They ran a lot of inside zone last year, a staple for RPO spread teams that are happy to have their QB throw the ball outside if defenses pack the box with an extra guy to get a free hat to the football. They tended to run inside zone but in a variety of ways to complicate things for the defense when trying to get an extra man to the ball:
The ‘Pokes had trouble blocking OU’s front early in the game and their OL were getting tied up trying to control the DL with double teams or to clear a lane for the FB to get through to find the LBs, who were running free to the football. On this inside zone play they release the guards downhill at the LBs to make sure they get picked off while the FB’s “lead” is basically serving as the double team on the nose tackle.
Additionally, even on inside zone the Cowboys use the “two step to contact” technique, meaning that each OL takes a wide step and then an inside step before engaging with the DL. That widens the overall front and helps them to connect with the DL and then drive them where they want to go while the back reads the blocks and sets things up rather than just firing off the ball and trying to push people like an Auburn or Georgia would. The result is that even an inside zone play like this one can result in the OL moving laterally down the field like on outside zone.
Hill thrived on this play, reading the play side A-gap before having the option to bounce it or more likely, to bend it back into the cutback lane. By the time he was making his read the OL would be into their third and fourth steps and starting to push the defense in whichever direction there was natural momentum which cleared space for him to use his lateral quickness to clown defenders.
The Cowboys also used zone style footwork to run iso schemes, like this counter-iso concept that borrows from the lead zone scheme above in using the FB to execute a “wham” block while the LG executes the “lead” block the FB would normally execute on iso.
In both instances you can see how the OL was able to create natural spacing with their footwork and the double team and then Hill ran wild in that space. You can also see how confused the OU LBs were about whether they needed to follow the FB to the ball or maintain normal gaps against the zone blocking they were seeing.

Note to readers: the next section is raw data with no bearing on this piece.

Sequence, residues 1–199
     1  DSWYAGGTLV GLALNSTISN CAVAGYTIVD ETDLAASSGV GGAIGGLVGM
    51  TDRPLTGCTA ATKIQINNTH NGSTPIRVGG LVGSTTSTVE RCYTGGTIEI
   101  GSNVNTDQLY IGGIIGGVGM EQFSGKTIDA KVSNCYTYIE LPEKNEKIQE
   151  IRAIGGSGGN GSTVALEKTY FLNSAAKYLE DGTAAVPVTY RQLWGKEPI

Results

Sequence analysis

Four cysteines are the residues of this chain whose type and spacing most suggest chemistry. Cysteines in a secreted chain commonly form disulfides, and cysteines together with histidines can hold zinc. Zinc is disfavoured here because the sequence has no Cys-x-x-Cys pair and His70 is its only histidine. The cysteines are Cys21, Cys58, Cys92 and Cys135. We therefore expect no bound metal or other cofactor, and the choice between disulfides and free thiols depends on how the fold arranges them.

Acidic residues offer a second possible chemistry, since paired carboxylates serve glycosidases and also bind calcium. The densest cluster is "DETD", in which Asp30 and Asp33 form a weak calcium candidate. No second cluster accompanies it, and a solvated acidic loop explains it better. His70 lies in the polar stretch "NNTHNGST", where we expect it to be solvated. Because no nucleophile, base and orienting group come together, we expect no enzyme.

In the first clip the OU MLB tries to rock back with the FB and Hill cuts through the original zone path. On the second, the LBs follow the zone path but the spacing and cut block on the DL create hesitation and space.
This was effective against good defenses as well, as you see on this more typical looking weak iso play against TCU:
Against Iowa State and the “tite” front they’d use the FB to lead outside where they knew the D was trying to send the ball by packing the A and B gaps with DL:
Get Justice Hill some space to work in, which often just meant preventing penetration and allowing the spacing of the formation to do it’s thing, and very positive outcomes tended to follow for the Cowboys. They had a lot of ways to draw up their basic blocking schemes and use their foundational zone footwork in order to control opposing fronts, confuse keys and gaps, and make life easy for Hill.
The 2018 Cowboy run game
What’s unique about this upcoming OSU team is that this is the first time this decade that they’re bringing back the pieces to execute a strong running game and not a top QB/WR tandem.
Hill is now a junior and backed up by J.D. King, who ran for 469 yards a year ago as the back-up. The OSU OL returns three men with starting experience up front in Marcus Keyes, Johnny Wilson, and Larry Williams and also FB Britton Abbott and his back-up Sione Finefeuiaki.
Their situation in the passing game is fairly promising with a loaded cast of WRs back even after losing NFL-bound James Washington and Marcell Ateman but currently the trigger-man is former walk-on Taylor Cornelius.
Judging by their record over the course of this decade, the OSU offense is truly at its best when the spread run game is clicking and forcing teams to pack it in, making the outside and vertical throws that much easier. With Justice Hill to lean on, OSU’s next QB couldn’t be much better set up to take on the task of replacing Mason Rudolph.